Separation Anxiety in Dogs
Reviewed and updated for accuracy on August 9, 2019 by Katie Grzyb, DVM
Separation anxiety in dogs is a stress response that happens when a dog is bonded to person, and that person is away from home or not in close proximity to the pet.
Dogs suffering from separation anxiety can exhibit a range of reactions to being left alone, from pacing and drooling to destructive behaviors. However, these reactions may also be caused by other conditions or environmental cues.
Therefore, it is important for you to make an appointment with your vet to rule out health issues first. Then you will need to have a behaviorist or veterinarian review your dog's history before attributing separation anxiety as the primary or sole cause of the behavior.
Symptoms of Separation Anxiety in Dogs
Typically, behaviors related to separation anxiety occur during the first hour after you’ve left the house, but some dogs begin exhibiting stress behaviors as soon as you prepare to leave.
Dog separation anxiety symptoms can include:
Attempting to follow the owner
Defecating or urinating in the house
Some dogs will stop eating, act depressed, hide or whine, and in extreme cases, might injure themselves as they attempt to escape confinement.
Diagnosing Separation Anxiety in Dogs
Other behavioral conditions may mimic some of the symptoms of separation anxiety, so it is important to record the timing, frequency and intensity of the reactions.
For example, a dog that eliminates in the home both when the owner is present as well as when the owner is away might not be fully house-trained.
A visit to the veterinarian can also help to rule out any undiagnosed medical issues that resemble behaviors attributed to separation anxiety, like drooling and shaking.
When you go to the veterinarian, bring your log of when the behaviors occur, as well as how often and how intense they are. This will give your vet valuable background info surrounding the problem.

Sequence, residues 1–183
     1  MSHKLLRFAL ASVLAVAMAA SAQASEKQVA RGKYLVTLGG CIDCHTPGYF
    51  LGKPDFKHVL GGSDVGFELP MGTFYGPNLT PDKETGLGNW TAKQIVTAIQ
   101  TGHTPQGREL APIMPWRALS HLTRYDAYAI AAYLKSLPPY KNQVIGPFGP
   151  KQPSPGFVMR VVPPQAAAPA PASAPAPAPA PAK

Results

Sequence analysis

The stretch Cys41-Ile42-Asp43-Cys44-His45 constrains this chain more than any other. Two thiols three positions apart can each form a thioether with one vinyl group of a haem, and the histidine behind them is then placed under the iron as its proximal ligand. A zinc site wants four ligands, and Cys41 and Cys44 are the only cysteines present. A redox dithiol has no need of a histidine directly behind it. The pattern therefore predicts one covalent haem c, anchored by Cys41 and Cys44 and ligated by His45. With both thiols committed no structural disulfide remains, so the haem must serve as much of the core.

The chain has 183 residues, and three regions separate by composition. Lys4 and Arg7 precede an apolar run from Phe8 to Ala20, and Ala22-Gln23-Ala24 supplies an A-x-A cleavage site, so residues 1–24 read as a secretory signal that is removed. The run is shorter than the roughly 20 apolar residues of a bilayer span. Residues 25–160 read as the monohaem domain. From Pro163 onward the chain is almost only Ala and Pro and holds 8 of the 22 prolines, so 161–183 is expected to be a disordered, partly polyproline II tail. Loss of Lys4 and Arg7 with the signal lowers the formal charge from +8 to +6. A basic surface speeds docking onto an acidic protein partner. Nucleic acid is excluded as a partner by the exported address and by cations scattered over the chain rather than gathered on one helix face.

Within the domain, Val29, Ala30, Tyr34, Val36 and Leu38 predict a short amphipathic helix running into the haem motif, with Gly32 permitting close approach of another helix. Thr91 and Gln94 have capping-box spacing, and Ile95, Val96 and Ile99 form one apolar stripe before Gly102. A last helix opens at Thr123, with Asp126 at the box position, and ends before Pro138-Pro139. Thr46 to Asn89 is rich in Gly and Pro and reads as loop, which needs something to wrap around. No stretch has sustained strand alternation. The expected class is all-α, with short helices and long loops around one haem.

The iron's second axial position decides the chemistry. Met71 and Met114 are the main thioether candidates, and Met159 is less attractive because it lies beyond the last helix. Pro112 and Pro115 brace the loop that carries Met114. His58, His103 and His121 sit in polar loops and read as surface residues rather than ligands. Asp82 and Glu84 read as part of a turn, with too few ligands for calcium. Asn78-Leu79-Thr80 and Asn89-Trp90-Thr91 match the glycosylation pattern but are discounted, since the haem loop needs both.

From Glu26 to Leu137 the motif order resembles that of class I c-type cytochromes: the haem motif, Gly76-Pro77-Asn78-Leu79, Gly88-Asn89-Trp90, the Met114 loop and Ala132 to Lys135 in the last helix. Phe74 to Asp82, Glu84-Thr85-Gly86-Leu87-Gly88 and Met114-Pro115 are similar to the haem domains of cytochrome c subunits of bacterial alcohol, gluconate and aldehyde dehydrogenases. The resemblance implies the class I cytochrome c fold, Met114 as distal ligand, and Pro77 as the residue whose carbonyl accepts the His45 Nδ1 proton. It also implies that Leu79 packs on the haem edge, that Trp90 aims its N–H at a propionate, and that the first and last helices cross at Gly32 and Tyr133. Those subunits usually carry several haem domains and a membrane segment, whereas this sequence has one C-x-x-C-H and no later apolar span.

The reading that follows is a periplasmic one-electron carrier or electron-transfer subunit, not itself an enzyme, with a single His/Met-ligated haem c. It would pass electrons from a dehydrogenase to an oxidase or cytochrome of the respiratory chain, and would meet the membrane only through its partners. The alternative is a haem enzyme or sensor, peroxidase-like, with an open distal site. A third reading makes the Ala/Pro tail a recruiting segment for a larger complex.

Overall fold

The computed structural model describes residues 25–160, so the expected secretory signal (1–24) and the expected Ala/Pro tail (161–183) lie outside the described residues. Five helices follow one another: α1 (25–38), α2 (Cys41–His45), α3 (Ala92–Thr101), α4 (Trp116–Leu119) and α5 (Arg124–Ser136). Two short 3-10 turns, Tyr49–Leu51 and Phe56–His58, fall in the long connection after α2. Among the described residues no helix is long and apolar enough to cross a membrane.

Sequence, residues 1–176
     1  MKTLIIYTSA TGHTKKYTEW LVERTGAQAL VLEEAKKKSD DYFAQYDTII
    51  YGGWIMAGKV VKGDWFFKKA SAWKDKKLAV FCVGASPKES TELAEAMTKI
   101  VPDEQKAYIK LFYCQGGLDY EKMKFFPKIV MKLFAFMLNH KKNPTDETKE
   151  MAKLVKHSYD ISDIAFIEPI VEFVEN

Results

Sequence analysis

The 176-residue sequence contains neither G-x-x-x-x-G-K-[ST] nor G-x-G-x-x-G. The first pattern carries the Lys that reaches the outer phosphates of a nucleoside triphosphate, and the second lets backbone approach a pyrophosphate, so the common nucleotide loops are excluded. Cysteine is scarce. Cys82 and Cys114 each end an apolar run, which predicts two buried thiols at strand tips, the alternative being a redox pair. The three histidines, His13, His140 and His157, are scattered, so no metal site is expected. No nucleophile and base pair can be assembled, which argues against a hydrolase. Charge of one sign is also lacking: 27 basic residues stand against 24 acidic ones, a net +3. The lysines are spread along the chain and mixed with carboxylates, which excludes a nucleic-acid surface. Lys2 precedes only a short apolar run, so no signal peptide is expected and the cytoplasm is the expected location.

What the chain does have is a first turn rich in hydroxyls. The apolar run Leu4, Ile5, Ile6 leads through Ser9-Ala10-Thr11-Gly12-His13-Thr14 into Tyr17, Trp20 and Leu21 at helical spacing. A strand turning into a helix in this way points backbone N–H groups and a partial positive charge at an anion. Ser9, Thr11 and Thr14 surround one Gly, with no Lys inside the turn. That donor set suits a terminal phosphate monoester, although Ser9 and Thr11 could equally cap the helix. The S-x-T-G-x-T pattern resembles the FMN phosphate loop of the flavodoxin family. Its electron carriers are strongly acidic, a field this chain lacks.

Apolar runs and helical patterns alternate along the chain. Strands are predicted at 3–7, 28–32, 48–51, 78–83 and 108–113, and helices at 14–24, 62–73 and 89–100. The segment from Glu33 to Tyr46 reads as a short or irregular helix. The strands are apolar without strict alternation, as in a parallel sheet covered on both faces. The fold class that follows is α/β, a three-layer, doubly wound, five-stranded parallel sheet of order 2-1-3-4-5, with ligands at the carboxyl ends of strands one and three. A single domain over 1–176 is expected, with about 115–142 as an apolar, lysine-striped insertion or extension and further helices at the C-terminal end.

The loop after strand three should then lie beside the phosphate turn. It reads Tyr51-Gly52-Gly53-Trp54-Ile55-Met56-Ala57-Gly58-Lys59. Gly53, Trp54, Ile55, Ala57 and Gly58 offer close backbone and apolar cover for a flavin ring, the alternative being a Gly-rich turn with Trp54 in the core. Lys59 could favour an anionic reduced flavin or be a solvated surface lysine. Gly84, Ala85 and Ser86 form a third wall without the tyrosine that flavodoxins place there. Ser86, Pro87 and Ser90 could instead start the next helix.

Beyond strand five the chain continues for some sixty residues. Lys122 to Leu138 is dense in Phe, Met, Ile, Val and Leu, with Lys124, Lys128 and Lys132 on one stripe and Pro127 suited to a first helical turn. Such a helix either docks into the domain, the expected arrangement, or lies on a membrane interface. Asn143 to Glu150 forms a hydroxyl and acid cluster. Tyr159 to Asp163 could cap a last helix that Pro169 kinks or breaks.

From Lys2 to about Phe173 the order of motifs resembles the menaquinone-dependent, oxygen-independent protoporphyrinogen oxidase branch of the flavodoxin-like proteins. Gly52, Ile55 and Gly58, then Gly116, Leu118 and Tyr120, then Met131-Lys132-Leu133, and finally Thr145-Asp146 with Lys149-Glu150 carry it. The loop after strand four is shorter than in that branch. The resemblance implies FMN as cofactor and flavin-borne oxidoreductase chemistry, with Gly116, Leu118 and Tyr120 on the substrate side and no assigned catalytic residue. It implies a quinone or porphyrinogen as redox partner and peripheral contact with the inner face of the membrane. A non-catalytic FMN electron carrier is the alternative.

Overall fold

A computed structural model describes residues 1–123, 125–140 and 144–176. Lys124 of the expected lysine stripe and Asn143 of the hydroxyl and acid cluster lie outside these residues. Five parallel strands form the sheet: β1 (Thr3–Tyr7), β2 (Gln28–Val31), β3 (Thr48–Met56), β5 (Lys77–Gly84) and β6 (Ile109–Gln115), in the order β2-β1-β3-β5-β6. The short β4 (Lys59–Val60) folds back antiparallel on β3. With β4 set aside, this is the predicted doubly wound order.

Treating Separation Anxiety in Dogs
The goal in treating separation anxiety is to help your dog feel less reliant on you and to encourage her to relax when you are not home.
Mild Separation Anxiety
Dogs exhibiting mild separation distress might benefit from the following interventions:
- Exercise: Increasing your dog’s daily workout might help her to relax when alone. Taking longer walks to new places, playing together or working on training will help mentally exhaust your dog prior to your departure from the home.
- Interactive toys: Encouraging your dog to focus on a treat-stuffed toy when you aren’t present might help to calm a dog with basic separation intolerance.
Severe Separation Anxiety
Dogs with severe separation anxiety will likely need behavior modification to permanently change their perception of alone time. Addressing intense separation anxiety requires a gradual and systematic approach.
This in-depth training process requires building your dog’s confidence a few seconds at a time to prevent stress reactions, and it must progress at your dog’s pace.
It might include leaving your pet for a few minutes at a time and then increasing the duration slowly over time. You can start by going to the next room and then progress to going just outside the home, using tasty training treats and praise as positive reinforcement when your pet stays calm.
Being consistent when addressing separation anxiety behaviors is critical. You will need to enlist the help of a trainer specializing in separation anxiety treatment or a veterinarian behaviorist to provide support.
Antidepressants or anxiety medications can be given to dogs with separation anxiety, but for the best results, these drugs must be used in conjunction with a training plan to help your dog learn to cope with being left alone. Holistic supplements can also be helpful when used in conjunction with behavioral training, with or without prescribed medications.
Treatment is a gradual process, and owners should be prepared to manage their dog’s daily life and environment as they work through separation anxiety training protocols. That might include rearranging schedules so that someone is always home with the dog, or if that’s not possible, finding a reputable day care or hiring an in-home pet sitter.
Featured Image: iStock.com/GeorgePeters
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